Jesus Reaches Out
Our church has adopted a strategic plan to “reach people for Jesus” over the next five years. Jesus shows us how to reach people in the ways that he reached people during his ministry. Our word for “reaching others” actually comes from a Greek word that means to “stretch out your hand” or to “reach for something or someone.” Four times when the word is used in Matthew, Jesus reaches out to others or people respond to his message.
Today, we take a look at how Jesus reached out.
In Matthew 7, Jesus teaches “The Sermon on the Mount.” In Matthew 8, as he descends from his perch, a leper begs for Jesus to cleanse him.
1 When Jesus had come down from the mountain, great crowds followed him; 2 and there was a leper who came to him and knelt before him, saying, “Lord, if you choose, you can make me clean.” 3 He stretched out his hand and touched him, saying, “I do choose. Be made clean!” Immediately his leprosy was cleansed. 4 Then Jesus said to him, “See that you say nothing to anyone; but go, show yourself to the priest, and offer the gift that Moses commanded, as a testimony to them.”
In this passage, Jesus “stretches out” to another person considered religiously unclean. Jesus takes great risk in touching a contagious man. Most people assumed you could contract this kind of skin disease by touching him. Jesus shows the people that his words from the Sermon will be accompanied by action. He brings about God’s wondrous power into lives of the untouchable. He sends him to bear witness to the priest and gives him a warning not to tell anyone. As most people know, telling someone to keep a secret is one of the fastest ways to spread the news.
In the same ways, Jesus calls us to reach out to the people around us. His teaching on the Sermon on the Mount leads to folks in the crowd (Matthew 8). They come to us in our work, play, and service. We partner together with other groups that care about the issues we care about. This is especially the case when reaching out to people of different ethnic, racial, and economic backgrounds. Jesus engaged in a ministry of reconciliation with our world, and Paul calls us to be “reconciled to each other.” It’s part of the process of the believer to recognize her own blind spots and see that in Christ, she has “broken down the dividing wall between us.”
Jesus’ message to the leper extends to every person on the planet. He invites us to receive him and be agents—or ambassadors—of that ministry of reconciliation.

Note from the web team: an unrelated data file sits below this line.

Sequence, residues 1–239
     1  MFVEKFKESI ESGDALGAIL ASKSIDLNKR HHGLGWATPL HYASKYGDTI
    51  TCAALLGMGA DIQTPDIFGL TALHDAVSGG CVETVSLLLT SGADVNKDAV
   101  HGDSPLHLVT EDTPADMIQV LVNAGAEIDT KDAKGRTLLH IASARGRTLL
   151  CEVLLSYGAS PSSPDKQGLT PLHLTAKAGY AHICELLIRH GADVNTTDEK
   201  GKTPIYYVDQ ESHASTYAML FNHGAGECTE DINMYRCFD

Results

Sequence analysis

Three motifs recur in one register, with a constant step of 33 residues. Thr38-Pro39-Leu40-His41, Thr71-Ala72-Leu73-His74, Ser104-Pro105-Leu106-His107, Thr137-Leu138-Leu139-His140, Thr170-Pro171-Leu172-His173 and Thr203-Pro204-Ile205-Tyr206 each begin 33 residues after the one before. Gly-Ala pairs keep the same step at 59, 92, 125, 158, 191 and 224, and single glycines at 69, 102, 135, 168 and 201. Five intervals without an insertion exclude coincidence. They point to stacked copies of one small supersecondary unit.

How will we do this as a church?
- We will partner with other groups who care about our concerns as well. So many people through FAMU, FSU, First Love, Boston, Haiti, Cuba, and the City of Tallahassee share our concerns. These are the locations where we’re focusing our attention, but we also have many others who are working in some exciting places as well.
- Adopt, foster, and shelter children in need. Adoption and foster care is one of the best places to impact the next generation. Even if you can’t shelter a child in your home, you can be a part of the work of those who do.
- Make friends with persons of color. Deepen your relationships with those of a different ethnic background.
- Reach college students and internationals for Jesus.
One of my friends, Rev. Joseph Parker, is the Pastor of David Chapel Missionary Baptist Church. He meets with a group of young Christian ministers in Austin, Texas where they minister. Recently a predominantly African American neighborhood was going through difficult racial tension. These church ministers gathered together on Friday evening and hosted a series of “fire pits,” neighborhood gatherings around a small fire. They invited neighbors to gather together, share stories, connect to each other, and lower the tension in their neighborhood. These ministers shared in Jesus’ name and brought reconciliation and healing to their neighborhood.
Closer to home, when Gary and J.C. Montgomery relocated within Tallahassee, our church worked with them to renovate a home partially provided through the City of Tallahassee. The “Montgomery House” in Griffin Heights is a home and ministry center working with children of prisoners and their families. They mentor dads and teach boys how to mature. What other ways does our church continue to impact our city?